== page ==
Bossing around the HR news for the week ending November 30th, 2012:
Any good HR manager knows that harassment of any sort is unacceptable in the workplace. But when is a company liable for the misdeeds of its employees and when is it safe? That’s a question the U.S. Supreme Court is trying to answer in the case of catering assistant Maetta Vance, who is suing Ball State University for the racial harassment she endured while working there, according to a Reuters report. The case hinges on one word: supervisor.
The Supreme Court has previously ruled that a business is liable if a supervisor harasses a subordinate, but just who counts as a supervisor has judges from lower courts in disagreement. This week, U.S. Supreme Court Justices began to define whether Vance’s primary harasser, a “catering specialist,” qualifies as her supervisor. According to CBS News, “The court’s decision could set new guidelines for interpreting Title VII of the Civil Rights Act, which bans employers - or their ‘agents,’ such as supervisors - from discriminating based on race, color, religion, sex or national origin.”
Unethical behavior of any kind from an organization’s leadership can have long-lasting repercussions, writes Scott Span, president of Tolero Solutions, on TLNT this week. Even if the immoral actions of a leader like, say, former CIA head David Petraeus, don’t directly affect his work life, they do set a negative tone for his employees.
Leaders’ actions, expressions, ethics and values have a direct impact on their company’s organizational cultures. A poor office culture can affect employee happiness, productivity, and ultimately a business’s bottom line. To keep things on track, it’s best to heed the advice of an old—but enduring—saying: lead by example.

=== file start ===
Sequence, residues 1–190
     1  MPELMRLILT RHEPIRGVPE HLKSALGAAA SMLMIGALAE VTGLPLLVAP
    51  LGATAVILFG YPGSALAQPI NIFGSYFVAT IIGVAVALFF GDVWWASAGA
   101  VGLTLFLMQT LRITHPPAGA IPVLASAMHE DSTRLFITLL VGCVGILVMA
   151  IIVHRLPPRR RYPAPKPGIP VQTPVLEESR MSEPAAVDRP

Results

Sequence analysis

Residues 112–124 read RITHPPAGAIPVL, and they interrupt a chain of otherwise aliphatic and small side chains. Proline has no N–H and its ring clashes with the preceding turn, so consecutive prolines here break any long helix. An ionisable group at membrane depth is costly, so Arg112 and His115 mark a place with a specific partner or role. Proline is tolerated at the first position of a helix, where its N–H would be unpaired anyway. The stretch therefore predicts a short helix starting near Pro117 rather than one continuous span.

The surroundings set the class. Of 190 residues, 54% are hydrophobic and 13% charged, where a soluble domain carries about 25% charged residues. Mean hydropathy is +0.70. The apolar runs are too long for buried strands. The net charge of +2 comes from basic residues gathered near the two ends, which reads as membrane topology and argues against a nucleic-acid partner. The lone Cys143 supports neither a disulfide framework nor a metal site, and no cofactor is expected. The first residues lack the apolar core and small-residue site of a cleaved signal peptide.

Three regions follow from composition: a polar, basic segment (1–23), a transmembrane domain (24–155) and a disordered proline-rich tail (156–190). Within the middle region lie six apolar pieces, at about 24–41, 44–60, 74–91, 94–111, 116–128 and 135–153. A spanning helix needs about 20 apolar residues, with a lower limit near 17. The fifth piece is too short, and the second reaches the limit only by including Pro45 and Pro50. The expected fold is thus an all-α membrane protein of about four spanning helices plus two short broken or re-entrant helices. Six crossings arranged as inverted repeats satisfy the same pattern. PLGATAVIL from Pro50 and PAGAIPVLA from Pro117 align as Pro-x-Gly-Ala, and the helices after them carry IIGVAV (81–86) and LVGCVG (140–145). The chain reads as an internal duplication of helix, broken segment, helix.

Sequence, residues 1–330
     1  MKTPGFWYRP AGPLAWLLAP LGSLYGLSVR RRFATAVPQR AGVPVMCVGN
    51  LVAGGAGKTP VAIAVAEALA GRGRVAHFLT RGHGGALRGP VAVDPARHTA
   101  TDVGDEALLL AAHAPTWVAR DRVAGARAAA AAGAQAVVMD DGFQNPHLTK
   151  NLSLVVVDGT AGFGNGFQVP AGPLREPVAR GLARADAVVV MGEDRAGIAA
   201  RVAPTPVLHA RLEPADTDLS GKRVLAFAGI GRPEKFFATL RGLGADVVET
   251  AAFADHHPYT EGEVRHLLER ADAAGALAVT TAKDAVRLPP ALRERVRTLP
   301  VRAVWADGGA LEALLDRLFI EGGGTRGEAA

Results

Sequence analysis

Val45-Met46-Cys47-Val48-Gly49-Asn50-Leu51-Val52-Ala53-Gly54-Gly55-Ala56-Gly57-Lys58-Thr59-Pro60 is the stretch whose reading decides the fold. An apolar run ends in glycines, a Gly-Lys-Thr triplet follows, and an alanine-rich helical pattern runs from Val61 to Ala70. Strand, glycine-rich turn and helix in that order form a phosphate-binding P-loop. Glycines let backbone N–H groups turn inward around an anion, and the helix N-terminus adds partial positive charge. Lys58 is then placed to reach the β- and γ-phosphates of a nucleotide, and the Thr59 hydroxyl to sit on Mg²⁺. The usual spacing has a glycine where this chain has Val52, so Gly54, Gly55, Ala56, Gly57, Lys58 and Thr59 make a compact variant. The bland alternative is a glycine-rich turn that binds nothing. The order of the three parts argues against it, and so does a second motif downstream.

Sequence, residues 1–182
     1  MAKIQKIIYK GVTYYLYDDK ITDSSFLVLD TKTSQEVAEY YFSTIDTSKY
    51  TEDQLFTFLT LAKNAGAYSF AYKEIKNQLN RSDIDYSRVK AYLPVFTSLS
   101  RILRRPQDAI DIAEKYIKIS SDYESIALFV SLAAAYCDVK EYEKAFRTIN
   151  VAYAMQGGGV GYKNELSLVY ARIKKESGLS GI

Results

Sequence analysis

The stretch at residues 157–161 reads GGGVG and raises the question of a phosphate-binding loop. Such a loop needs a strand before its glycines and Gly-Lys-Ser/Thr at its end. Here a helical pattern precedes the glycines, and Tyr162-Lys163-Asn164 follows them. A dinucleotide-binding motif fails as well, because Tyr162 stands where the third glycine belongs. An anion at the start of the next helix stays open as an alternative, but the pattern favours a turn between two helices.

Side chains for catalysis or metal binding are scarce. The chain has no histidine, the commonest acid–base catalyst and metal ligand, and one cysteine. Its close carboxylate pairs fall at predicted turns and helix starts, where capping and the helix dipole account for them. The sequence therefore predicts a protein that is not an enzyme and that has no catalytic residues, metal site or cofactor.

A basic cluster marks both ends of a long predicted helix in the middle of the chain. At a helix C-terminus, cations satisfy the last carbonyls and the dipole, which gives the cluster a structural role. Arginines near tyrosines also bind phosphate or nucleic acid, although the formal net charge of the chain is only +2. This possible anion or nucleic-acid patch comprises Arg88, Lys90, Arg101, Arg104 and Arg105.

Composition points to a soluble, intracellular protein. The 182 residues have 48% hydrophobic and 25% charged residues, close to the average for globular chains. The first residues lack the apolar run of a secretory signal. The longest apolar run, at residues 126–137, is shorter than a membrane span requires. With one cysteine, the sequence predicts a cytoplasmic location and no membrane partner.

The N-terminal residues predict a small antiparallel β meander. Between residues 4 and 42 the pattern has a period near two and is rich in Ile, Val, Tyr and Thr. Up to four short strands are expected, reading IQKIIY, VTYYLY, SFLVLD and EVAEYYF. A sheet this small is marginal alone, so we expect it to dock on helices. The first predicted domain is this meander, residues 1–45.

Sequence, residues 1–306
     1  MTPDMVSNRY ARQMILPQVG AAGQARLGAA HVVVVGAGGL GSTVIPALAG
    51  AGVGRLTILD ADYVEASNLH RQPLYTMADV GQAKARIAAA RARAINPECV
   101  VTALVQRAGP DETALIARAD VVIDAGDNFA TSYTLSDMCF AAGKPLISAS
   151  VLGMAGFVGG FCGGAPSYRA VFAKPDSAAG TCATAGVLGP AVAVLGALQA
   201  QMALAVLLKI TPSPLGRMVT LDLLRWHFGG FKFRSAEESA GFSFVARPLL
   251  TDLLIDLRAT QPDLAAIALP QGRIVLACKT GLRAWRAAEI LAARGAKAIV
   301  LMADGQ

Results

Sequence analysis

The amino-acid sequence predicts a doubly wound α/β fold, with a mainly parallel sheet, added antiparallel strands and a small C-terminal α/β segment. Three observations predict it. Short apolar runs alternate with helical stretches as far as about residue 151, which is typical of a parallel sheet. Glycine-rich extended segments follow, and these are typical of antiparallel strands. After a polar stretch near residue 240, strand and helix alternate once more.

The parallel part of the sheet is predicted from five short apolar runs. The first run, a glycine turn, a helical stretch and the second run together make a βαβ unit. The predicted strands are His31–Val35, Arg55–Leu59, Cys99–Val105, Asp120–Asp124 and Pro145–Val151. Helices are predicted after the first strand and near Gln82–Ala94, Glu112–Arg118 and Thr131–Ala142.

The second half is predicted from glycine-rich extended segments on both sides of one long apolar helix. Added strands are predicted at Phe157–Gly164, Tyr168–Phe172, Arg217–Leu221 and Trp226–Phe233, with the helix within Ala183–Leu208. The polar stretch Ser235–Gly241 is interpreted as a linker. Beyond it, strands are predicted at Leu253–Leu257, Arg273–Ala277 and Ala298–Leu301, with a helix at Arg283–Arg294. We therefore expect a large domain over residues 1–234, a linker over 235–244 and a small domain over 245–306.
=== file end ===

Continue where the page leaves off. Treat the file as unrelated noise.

Company leaders always shoot for success, but sometimes they miss. So how do you keep your employees’ morale high when customers are unhappy, profits wane, and momentum slows? Inc offers several suggestions to keep teams cohesive and motivated even when the going gets tough. It’s essential to be completely transparent with employees—don’t pull back the curtain only when it’s convenient. Consistent honesty cuts bad rumors off at the pass. Also, don’t be afraid to embrace new ideas from your employees. If your business is starting to slow down, fresh perspectives never hurt, and listening to their ideas will make your teams feel valued. Finally, take the time to encourage team bonding.
The natural reaction to a slow time in business is to work harder and longer, but happy hours or coffee breaks can improve morale and ultimately make your employees happier and more productive.
And there’s no question that happiness at the office matters. The Wall Street Journal’s The Source blog reports this week that happier workers help their colleagues achieve their goals 33 percent more often than their least happy colleagues, and are 36 percent more motivated. To increase the mood around the office, the blog offers suggestions for companies, supervisors, and employees. Great companies give ongoing feedback to increase their employees’ efforts and help them find the immediate motivation to complete their tasks.
Employees must also be proactive in evaluating if they’re in the right job in the first place—they’ll never excel and find a sense of long-term engagement if they don’t feel fulfilled. Finally, employees and their employers must both share a strong sense of self-belief. Productivity is tied to the belief that things will get done—and that they’ll be done well.